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    Open the File History program. In order to be able to load older versions of a file or folder, you will need to enable File History, which requires having an external hard drive or access to a network folder. Windows will use that to store older versions of your files, allowing you to recover from bad saves and overwritten documents. It also acts as a backup for all of your personal documents in the event of data loss.
    • You can access File History by searching for it by typing “file history” while on the Start screen. Select File History from the results.
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    Turn on File History. If your external hard drive is plugged in, the Turn On button will become available to click. If you’d like to change the location to a network drive, click the Select Drive button in the left menu and then click “Add network location”. You can then browse for the network drive.[2]
    • Choose whether or not you want your HomeGroup to be able to connect to the drive. If you have multiple computers on your HomeGroup and you want them to all save their backups to a central location, click Yes, otherwise it’s OK to click No.
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    Configure your File History settings. Once you have File History enabled, you can configure its advanced settings by clicking the “Advanced settings” link in the left menu.
    • Change how long files are kept by using the “Keep saved versions” menu. The default is “Forever”.
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    • Change how often copies are saved by using the “Save copies of files” menu. The default is “Every hour”.
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    Add important files and folders to your libraries. Windows 8 File History will not allow you to choose what is backed up. Instead, it will automatically back up everything in your user libraries (Documents, Pictures, etc.). If you have files in other locations that you need to back up, move them to a folder in one of your libraries.

Method 4
Using Time Machine (Mac OS X)

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    Connect an external drive to your Mac. Ideally, this drive should have enough space to fit all of the data from your Mac with plenty of room to spare. This is because Time Machine makes multiple copies over time, and is most effective when you have multiple copies to choose from.
    • You can connect a drive using USB, Thunderbolt, or FireWire.
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    • If the external drive has not been formatted yet, do so using the Disk Utility. Make sure Mac OS X Extended (Journaled) is selected for the disk format.
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    Time Machine should open automatically. If you haven’t set up Time Machine yet, plugging in an external drive will open a dialog box asking if you want to use it for Time Machine. Click the “Use as Backup Disk” to begin using the drive with Time Machine.[3]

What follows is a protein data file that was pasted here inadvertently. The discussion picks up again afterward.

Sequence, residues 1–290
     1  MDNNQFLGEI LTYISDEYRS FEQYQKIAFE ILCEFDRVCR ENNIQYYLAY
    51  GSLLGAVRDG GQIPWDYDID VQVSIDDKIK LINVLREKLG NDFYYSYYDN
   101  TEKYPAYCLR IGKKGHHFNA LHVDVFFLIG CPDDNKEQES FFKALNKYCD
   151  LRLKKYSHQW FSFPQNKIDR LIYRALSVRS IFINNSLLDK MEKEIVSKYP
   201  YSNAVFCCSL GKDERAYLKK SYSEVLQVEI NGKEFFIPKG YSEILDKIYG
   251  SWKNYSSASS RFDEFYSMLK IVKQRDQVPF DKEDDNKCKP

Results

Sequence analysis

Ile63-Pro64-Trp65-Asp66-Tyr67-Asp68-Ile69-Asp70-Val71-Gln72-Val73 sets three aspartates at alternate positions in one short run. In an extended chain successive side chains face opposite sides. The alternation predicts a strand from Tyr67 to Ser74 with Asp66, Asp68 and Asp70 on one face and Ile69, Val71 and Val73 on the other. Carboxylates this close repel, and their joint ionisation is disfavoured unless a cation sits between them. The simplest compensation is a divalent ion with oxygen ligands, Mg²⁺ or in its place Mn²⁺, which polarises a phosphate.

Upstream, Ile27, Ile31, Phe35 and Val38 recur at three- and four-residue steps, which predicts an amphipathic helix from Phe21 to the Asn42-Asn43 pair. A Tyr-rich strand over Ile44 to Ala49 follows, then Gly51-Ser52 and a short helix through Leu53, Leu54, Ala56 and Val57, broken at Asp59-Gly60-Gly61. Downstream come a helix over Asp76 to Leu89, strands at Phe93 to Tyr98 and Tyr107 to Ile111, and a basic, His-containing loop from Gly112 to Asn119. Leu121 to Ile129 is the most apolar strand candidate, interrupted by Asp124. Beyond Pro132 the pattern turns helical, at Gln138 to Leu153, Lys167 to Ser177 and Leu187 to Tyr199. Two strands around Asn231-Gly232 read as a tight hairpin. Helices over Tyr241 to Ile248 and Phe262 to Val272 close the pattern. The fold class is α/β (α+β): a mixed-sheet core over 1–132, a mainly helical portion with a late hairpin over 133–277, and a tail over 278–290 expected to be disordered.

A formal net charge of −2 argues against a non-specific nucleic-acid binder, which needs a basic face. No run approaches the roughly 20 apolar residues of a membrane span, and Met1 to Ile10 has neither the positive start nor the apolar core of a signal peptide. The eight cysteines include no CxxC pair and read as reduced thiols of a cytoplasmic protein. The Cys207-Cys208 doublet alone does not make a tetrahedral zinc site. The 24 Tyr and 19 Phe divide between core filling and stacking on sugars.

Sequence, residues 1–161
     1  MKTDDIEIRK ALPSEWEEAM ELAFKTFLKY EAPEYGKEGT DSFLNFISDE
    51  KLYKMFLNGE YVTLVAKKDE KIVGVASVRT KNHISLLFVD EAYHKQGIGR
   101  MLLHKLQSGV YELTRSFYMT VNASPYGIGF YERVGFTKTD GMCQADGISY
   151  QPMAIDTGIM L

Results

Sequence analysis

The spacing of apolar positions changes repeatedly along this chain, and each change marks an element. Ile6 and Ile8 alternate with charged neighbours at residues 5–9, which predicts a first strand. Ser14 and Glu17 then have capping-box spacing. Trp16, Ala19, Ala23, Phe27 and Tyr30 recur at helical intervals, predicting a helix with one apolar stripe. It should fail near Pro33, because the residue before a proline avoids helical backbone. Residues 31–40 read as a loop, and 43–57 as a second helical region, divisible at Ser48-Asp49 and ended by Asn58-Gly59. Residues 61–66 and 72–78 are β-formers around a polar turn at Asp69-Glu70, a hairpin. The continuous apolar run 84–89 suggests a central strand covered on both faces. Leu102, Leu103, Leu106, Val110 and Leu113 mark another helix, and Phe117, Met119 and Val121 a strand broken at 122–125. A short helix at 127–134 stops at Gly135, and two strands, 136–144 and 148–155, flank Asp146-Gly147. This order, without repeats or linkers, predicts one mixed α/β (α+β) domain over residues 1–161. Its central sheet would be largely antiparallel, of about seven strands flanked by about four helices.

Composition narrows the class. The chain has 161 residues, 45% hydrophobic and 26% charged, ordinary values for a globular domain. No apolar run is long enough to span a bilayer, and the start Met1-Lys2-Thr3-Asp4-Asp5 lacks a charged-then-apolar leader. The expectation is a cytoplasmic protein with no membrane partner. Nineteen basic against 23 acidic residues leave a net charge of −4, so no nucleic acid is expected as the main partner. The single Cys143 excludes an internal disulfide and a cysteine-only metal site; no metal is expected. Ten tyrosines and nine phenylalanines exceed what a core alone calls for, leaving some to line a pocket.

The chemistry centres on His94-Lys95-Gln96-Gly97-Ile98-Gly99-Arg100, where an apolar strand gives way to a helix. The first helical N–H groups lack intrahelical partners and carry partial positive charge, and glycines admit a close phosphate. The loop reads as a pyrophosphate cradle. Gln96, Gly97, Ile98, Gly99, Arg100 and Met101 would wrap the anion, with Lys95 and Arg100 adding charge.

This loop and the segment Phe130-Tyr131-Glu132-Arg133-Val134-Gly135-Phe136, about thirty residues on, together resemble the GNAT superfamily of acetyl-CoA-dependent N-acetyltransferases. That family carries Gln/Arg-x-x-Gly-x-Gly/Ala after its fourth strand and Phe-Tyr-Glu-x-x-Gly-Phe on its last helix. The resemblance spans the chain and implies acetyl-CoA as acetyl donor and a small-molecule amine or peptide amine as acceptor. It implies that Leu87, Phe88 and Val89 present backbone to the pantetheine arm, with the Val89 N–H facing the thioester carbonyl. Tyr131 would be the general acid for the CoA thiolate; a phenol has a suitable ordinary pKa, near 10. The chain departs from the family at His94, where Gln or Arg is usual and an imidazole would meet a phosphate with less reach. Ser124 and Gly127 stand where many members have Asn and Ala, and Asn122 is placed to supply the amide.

• If the dialog box does not appear, you can open Time Machine from the System Preferences screen found in your Apple menu.
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    Allow Time Machine to work automatically. Once you have designated a drive as your Time Machine backup, your data will be saved automatically every hour. Your Time Machine will save an hourly copy for the last 24 hours, a daily copy for the last month, and weekly backups for as much space as your external drive permits.

Method 5
Backing up to the Cloud

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    Find a cloud service. There are several free cloud services available that you can use as an always-online backup location for your files. These include Google Drive, Microsoft SkyDrive, Apple iCloud, DropBox, and more. These services all come with a fair amount of space for free, and can be upgraded with more space for a fee.
    • There are also cloud-based backup services that charge an annual fee. These are often more directly focused towards backing up, and include scheduling options. These include CrashPlan+, Carbonite, Mozy, Backblaze, Acronis, and more.
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    Copy your files to your cloud service. If you are using a free service, it will be up to you to maintain your backups. Manually add the files to your service much like you would to an external hard drive. Some services such as SkyDrive and Google Drive will give you a folder that you can place on your desktop. Anything added to this folder will be synced with your cloud storage.
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    Monitor your storage space. While the amount of space you get for signing up may seem like a lot, you may find that it goes quickly once you start adding your pictures and videos. Be careful to backup only your most necessary files, and go through your files on the cloud occasionally and cull the old versions.


  • Back up data timely and regularly.
  • It's a good idea to back up data in several different ways, so that you have an extra backup in case your primary backup medium fails. You may also want to dedicate backup media to backing up certain files, such as a flash drive just for your current writing projects or an external hard drive just for your photographs or music files.


  • No matter how often you schedule backups for, you must still have the backup medium connected to your computer at the scheduled time to perform the backup.

Article Info

Categories: System Maintenance and Repair